Tuesday, March 24, 2009
Whither goes the law of construction in a country where little is being built? Perhaps it moves to the law of demolition. Here are two interesting stories about the very literal disappearance of old industrial America: the disassembly of the huge former Ford plant adjacent to the Atlanta airport (being close to the world’s busiest airport, there are plans for development of the site) and the new work of Habitat for Humanity in demolishing vacant houses in declining industrial cities such as Saginaw, Mich.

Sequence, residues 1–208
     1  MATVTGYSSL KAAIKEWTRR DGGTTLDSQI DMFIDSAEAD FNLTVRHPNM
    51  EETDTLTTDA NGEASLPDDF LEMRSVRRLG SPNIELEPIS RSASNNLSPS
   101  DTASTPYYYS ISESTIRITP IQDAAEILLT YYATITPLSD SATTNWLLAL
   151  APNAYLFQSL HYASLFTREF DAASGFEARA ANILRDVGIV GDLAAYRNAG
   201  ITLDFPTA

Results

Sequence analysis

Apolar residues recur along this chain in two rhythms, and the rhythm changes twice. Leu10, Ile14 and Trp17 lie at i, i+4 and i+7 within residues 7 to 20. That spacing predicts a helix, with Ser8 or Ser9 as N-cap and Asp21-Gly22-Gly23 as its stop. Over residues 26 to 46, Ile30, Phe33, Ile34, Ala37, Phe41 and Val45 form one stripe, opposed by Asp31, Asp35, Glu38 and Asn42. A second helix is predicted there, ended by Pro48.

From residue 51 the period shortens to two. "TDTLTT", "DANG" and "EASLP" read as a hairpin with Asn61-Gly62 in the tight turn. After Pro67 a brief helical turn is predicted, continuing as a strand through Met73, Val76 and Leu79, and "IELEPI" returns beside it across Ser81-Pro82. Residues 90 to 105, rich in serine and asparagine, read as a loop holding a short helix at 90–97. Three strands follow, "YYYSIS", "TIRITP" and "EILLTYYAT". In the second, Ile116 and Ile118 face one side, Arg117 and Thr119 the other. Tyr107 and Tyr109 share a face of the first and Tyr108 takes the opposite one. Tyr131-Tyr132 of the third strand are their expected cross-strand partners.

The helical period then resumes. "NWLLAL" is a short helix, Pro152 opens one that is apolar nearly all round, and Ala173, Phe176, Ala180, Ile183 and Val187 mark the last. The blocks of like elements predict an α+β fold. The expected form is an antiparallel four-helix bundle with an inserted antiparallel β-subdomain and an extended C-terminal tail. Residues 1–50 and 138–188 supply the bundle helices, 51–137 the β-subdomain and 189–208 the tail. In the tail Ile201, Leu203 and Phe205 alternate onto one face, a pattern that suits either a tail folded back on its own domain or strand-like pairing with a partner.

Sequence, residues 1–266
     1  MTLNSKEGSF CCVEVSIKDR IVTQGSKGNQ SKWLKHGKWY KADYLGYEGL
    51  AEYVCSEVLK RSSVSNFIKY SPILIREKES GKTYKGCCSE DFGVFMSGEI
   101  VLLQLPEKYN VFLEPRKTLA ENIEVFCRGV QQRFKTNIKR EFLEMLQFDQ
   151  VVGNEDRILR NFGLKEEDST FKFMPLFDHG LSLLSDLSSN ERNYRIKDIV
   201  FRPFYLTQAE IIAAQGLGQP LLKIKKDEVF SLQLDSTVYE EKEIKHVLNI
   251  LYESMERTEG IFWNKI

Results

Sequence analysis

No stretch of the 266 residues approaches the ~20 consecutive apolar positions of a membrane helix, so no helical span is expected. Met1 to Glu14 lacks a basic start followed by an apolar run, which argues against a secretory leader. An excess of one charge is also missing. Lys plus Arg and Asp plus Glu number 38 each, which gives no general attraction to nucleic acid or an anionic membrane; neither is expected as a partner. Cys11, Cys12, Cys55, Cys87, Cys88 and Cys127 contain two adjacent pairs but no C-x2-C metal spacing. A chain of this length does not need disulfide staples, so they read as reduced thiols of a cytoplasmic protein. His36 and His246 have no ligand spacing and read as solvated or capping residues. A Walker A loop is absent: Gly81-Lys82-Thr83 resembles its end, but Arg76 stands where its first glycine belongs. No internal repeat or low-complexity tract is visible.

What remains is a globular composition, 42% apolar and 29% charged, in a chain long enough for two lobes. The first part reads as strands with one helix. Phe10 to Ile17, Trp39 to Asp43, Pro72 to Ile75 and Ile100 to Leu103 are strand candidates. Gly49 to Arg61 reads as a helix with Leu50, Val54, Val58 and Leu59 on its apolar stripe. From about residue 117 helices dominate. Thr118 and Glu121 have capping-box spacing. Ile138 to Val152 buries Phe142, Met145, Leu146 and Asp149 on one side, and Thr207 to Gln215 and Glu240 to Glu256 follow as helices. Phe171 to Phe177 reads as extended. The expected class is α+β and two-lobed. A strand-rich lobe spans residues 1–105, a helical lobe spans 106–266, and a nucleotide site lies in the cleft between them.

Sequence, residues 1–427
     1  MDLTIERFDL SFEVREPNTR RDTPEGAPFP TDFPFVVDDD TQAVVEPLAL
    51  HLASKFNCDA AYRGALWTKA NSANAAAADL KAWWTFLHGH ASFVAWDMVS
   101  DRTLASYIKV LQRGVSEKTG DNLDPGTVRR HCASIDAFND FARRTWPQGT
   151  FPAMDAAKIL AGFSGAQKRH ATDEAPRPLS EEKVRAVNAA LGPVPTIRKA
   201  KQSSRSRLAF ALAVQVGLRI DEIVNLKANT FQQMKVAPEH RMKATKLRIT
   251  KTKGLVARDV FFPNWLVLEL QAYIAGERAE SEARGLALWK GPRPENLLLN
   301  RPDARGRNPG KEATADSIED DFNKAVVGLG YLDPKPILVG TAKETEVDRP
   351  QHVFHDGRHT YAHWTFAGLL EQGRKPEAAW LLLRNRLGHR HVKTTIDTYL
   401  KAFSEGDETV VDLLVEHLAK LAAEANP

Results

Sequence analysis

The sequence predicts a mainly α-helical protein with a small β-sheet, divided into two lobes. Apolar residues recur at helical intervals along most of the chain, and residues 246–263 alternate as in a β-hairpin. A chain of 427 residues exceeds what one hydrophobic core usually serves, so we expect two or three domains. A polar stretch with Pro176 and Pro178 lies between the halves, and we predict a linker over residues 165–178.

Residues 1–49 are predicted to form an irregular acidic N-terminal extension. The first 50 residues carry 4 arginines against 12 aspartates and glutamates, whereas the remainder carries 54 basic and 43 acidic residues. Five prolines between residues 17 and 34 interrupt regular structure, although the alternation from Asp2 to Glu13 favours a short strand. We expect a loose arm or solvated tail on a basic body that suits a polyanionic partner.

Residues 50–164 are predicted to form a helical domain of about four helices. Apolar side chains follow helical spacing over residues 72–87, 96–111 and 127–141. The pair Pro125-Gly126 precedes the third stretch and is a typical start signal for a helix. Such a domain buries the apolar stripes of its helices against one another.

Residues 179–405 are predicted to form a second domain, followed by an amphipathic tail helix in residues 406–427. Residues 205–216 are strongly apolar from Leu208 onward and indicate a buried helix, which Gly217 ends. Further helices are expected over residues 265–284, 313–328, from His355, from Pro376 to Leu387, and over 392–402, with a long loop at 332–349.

When manufacturing leaves a factory for good, or people leave a town for good, there are solid reasons for having law mandate an orderly demolition. Crime, drugs, and fire often fill the voids of vacant buildings, as we have seen in neighborhoods blighted by a large number of foreclosed houses. Perhaps commercial owners and banks should have an obligation to see that their properties do not become nuisance to the community. There is precedent in laws such as the federal hazardous waste handling statute, which requires a disposal facility to have financial guarantees in case the facility has to close. Perhaps governments should pay better attention to whether vacant commercial buildings might be reusable for schools or homeless shelters. Transforming an economy is never easy, but land use law should see (under the law’s guiding principle) that it is accomplished with the interests of the community in mind …
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